When is a Marshall County School System school resource officer (SRO) not an SRO?
It is when the Marshall County Commissioners establish 14 fully equipped sheriff’s deputies paid for by some of the county’s vehicle owners and calls them SROs.
We are giving the sheriff $1 million to increase his staff under the guise of SROs.
The commission’s public hearing on June 26 to discuss a “possible license plate (tag) fee” to pay for 14 new SROs was not as advertised. We were not asked for ideas how to fund school SROs.
We were told the sheriff needs $1 million and how these new “SROs” were going to actually be used. I agree SROs are needed but not per the plan presented.
District 3 Commissioner David Kelly said a tag fee was just one tool in the commission’s toolbox to pay for SROs, but these other tools were never revealed.
Commissioner Chairman James Hutcheson kept saying the tag fee had not been decided. Yet, all questions brought up by citizens were answered with previously decided details of the funds raised by a tag fee.
We could not even get an answer if the moneys currently being paid from the general fund and county school board would continue.
Citizens’ suggestions on increasing the pool of types of vehicles to levy the tag fee were shot down: no dealer plates, no RVs and no motorcycles. Considerations on vehicle value or family income levels were rejected.
Exemptions for over 65, handicapped or no more than two vehicles per household were not solidified, only that they were being considered.
A request to ask our politicians in Montgomery to increase the $30,000 they give for four part-time SROs was laughed at.
Suggestions on decreasing the lavish, fully paid medical benefits paid to all county employees to put more money in the general fund was vehemently denied by Commissioner Chairman Hutcheson.
He even addressed all county employees and said their benefits would never be decrease as long as he is in charge. To guarantee one funding option for any future need is already off the table is unconscionable.
Decreasing the number of vehicles needed (one per SRO) even at school campuses where multiple SROs would be working) was refused, as was making the SRO a lower pay scale employee because their work areas were considerably safer than a deputy on patrol duty.
The Sheriff needed “flexibility” to manage the SROs.
That is when we discovered we were not talking about SROs, but fully trained and equipped deputy sheriffs. And their vehicles (bought with exclusively SRO funds) would end up in the sheriff’s vehicle pool and get worn out four times faster than if they were exclusively used by SRO at schools.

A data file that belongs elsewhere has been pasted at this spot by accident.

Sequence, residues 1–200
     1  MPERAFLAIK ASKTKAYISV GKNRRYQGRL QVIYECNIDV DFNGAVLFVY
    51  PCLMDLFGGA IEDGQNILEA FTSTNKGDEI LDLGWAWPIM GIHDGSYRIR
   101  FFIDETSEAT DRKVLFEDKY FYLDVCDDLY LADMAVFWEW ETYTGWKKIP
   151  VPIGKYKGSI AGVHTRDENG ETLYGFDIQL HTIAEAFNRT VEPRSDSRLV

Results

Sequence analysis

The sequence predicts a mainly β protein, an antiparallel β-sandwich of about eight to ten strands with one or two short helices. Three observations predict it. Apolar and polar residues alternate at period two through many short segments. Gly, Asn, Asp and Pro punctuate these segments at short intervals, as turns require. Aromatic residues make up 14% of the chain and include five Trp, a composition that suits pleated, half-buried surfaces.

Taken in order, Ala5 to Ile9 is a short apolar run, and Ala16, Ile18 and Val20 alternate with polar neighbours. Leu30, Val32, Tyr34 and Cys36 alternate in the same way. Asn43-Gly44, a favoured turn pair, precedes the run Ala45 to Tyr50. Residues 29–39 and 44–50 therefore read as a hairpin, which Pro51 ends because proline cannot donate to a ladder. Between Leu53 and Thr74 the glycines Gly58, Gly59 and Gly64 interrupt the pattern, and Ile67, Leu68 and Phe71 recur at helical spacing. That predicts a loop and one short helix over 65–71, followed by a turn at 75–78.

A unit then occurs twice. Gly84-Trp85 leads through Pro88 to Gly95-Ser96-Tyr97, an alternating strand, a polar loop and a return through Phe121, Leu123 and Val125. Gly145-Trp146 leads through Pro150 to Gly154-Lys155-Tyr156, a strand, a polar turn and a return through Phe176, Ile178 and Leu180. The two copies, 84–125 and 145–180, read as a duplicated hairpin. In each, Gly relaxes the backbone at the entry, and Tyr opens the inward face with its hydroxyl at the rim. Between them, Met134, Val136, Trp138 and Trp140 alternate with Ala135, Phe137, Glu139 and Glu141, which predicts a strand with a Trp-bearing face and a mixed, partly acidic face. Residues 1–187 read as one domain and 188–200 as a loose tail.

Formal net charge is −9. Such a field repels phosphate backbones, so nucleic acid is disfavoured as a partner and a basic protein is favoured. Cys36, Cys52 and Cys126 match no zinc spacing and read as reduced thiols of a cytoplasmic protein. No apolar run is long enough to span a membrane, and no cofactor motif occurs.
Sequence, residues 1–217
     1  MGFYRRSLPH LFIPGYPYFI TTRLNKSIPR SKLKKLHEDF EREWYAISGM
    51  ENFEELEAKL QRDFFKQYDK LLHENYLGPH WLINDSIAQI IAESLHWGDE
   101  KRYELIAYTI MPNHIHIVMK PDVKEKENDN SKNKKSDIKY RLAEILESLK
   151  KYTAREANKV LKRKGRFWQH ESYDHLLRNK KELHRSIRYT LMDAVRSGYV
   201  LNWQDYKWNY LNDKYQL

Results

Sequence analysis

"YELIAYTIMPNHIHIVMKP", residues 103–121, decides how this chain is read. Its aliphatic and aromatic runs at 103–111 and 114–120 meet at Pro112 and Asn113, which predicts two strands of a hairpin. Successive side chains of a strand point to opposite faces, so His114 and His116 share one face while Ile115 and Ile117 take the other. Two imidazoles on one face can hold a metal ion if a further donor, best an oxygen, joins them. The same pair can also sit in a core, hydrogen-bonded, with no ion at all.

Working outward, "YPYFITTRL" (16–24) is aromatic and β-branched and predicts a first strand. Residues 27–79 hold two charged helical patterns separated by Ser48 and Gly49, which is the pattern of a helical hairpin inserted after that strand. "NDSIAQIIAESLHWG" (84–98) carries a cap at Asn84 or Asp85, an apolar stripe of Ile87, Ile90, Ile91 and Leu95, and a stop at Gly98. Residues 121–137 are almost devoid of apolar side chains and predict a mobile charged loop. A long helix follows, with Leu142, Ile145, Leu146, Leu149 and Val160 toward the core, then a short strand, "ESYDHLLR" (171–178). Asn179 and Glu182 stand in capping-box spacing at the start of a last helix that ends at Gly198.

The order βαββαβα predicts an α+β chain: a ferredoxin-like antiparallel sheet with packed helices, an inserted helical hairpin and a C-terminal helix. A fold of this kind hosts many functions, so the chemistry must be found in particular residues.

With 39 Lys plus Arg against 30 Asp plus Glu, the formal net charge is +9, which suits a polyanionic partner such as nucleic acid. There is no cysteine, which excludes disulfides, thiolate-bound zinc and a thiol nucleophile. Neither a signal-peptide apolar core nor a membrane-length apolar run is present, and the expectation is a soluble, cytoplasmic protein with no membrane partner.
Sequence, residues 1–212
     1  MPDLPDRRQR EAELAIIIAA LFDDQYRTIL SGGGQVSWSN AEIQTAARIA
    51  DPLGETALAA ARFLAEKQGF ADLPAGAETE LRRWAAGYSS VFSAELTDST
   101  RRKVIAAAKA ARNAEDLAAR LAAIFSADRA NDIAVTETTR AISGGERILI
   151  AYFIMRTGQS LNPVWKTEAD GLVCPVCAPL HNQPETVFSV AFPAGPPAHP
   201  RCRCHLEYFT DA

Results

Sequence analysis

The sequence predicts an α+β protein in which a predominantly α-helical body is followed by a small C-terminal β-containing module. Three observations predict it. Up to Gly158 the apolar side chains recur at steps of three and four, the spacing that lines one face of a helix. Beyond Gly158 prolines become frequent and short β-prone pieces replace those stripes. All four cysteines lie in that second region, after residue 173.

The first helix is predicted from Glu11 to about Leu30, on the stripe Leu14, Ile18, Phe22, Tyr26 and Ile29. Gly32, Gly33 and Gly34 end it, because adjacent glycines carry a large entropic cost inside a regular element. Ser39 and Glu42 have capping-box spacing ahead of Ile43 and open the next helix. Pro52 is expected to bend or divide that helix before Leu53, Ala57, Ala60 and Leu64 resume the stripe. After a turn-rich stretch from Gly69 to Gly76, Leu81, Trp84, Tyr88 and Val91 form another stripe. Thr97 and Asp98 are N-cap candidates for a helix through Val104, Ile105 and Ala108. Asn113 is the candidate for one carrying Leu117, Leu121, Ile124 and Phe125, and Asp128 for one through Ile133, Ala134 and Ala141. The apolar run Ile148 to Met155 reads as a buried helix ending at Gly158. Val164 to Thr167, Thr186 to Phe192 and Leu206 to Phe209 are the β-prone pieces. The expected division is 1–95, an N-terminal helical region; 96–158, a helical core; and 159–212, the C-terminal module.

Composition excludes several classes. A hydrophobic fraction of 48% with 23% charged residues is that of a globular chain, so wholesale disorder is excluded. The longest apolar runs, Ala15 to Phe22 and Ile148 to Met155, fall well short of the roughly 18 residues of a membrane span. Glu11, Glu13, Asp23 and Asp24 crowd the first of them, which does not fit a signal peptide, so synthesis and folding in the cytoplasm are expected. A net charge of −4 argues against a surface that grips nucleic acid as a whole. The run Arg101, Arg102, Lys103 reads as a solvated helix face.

The sheriff even said he needs SRO funding to get him current maps and contact information for each school campus.
Really? Our county sheriff’s office does not have basic information about our public schools?
This is pitiful.
In the justification for SROs, County Schools Superintendent Dr. Cindy Wigley said there are things going on all of the time at schools including feeding programs, summer school, teacher training, etc.
We all regularly drive by schools and see no children and no vehicles indicating the facility is vacant. What are SROs going to be doing during summer breaks, Christmas break, spring/fall breaks, or teacher training days?
SROs will have some training time, as do all deputies, but when school or activities are not happening, they will be used to do normal deputy duties across the county (patrolling, serving warrants, making arrests, etc.) while not encumbering the sheriff’s manpower budget.
Having these extra deputies will make scheduling easier for other deputies during Christmas and the summer when most people take vacations and schools are not in session. Is this SRO funding being used for only SRO activities?
Per Dr. Wigley, SROs are needed at sporting events, special student training camps, and other after school activities.
But how can an SRO work an eight-hour day, 40 hours a week then cover a Friday night ball game or a weekend tournament?
I hope the sheriff will cover these needs with other deputies. I also hope he will not charge their time against the SRO funds.
Commission Chairman Hutcheson repeatedly said money from a tag fee would go into an SRO only account. But, with the sheriff manning, equipping and training these people to be regular deputies, they will not actually be SROs.
He can hire entry level deputies with SRO funds then swap them with higher-paying existing deputies and increase the salary cost to the SRO fund.
He will have full control.
I agree schools need SROs.
I do not agree that only some of the county vehicle owners are being forced to increase the sheriff’s staff for use across the entire county under the guise of SROs.
This charade is why citizens cannot trust our elected officials.